Figure 7. The spatial distribution of galaxies in the SDSS main galaxy sample as a function of redshift and right ascension, projected through 8° in declination, color coded by restframe optical color. Red galaxies are seen to be more clustered than blue galaxies and generally trace the centers of groups and clusters, while blue galaxies populate further into the galaxy voids. Taken from Zehavi et al. (2011).

Red and blue galaxies have distinct luminosity-dependent clustering properties. As shown in Fig. 8, the general trends seen in r0 and gamma with luminosity for all galaxies are well-reflected in the blue galaxy population; however, at faint luminosities (L ltapprox 0.5 L*) red galaxies have larger clustering amplitudes and slopes than L* red galaxies. This reflects the fact that faint red galaxies are often found distributed throughout galaxy clusters.

Figure 8

Figure 8. The clustering scale length, r0 (left), and slope, gamma (right), for all, red, and blue galaxies in SDSS as a function of luminosity. While all galaxies are more clustered at brighter luminosities, and red galaxies are more clustered than blue galaxies at all luminosities, below L* the red galaxy clustering length increases at fainter luminosities. The clustering slope for faint red galaxies is also much steeper than at other luminosities. Taken from Zehavi et al. (2011).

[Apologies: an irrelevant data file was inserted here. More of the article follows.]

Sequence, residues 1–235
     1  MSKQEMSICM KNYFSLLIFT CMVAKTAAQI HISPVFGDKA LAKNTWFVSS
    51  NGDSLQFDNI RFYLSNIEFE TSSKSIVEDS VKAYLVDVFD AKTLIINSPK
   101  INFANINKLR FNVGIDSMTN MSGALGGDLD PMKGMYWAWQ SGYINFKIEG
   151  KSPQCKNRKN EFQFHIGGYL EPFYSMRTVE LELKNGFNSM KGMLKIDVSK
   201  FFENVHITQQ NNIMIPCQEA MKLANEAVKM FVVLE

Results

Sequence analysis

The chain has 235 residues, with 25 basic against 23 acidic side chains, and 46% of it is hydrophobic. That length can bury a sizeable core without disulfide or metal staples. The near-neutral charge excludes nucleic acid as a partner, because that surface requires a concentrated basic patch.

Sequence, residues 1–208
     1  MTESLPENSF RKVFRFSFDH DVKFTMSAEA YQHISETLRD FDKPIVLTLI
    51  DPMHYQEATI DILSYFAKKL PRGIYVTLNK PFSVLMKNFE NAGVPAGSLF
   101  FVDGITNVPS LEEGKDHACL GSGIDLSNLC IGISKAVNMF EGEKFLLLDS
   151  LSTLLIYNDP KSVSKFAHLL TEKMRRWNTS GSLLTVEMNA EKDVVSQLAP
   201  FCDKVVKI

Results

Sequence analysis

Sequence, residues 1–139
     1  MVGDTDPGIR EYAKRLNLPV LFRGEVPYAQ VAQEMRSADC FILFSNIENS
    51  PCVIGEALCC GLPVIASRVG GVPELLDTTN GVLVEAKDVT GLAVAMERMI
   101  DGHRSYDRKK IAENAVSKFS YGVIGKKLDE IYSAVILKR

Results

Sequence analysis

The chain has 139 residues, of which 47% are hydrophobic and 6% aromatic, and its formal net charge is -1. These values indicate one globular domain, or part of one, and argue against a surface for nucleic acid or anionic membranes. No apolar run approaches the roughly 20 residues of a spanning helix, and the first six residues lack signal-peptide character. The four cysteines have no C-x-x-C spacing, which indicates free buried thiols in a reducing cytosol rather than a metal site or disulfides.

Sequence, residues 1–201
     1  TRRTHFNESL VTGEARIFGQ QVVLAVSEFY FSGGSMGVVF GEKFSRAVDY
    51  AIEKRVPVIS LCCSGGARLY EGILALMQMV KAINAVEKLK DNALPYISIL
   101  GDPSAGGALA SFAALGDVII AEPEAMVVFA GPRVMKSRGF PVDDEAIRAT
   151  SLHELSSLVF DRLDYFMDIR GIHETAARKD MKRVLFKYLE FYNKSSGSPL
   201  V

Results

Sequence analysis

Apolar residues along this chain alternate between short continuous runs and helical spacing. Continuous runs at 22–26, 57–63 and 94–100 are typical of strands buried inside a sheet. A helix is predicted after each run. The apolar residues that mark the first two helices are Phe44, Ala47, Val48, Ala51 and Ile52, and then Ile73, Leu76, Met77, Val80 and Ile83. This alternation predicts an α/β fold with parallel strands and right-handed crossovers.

Galaxy clustering also depends on other galaxy properties such as stellar mass, concentration index, and the strength of the 4000Å break (D4000), in that galaxies that have larger stellar mass, more centrally concentrated light profiles, and/or larger D4000 measurements (indicating older stellar populations) are more clustered (Li et al. 2006). This is not surprising given the observed trends with luminosity and color and the known dependencies of other galaxy properties with luminosity and color. Clearly the galaxy bias is a complicated function of various galaxy properties.

6.3. Redshift Space Distortions

The fact that red galaxies are more clustered than blue galaxies is related to the morphology-density relation (Dressler 1980), which results from the fact that galaxies with elliptical morphologies are more likely to be found in regions of space with a higher local surface density of galaxies. The redshift space distortions seen for red and blue galaxies also show this.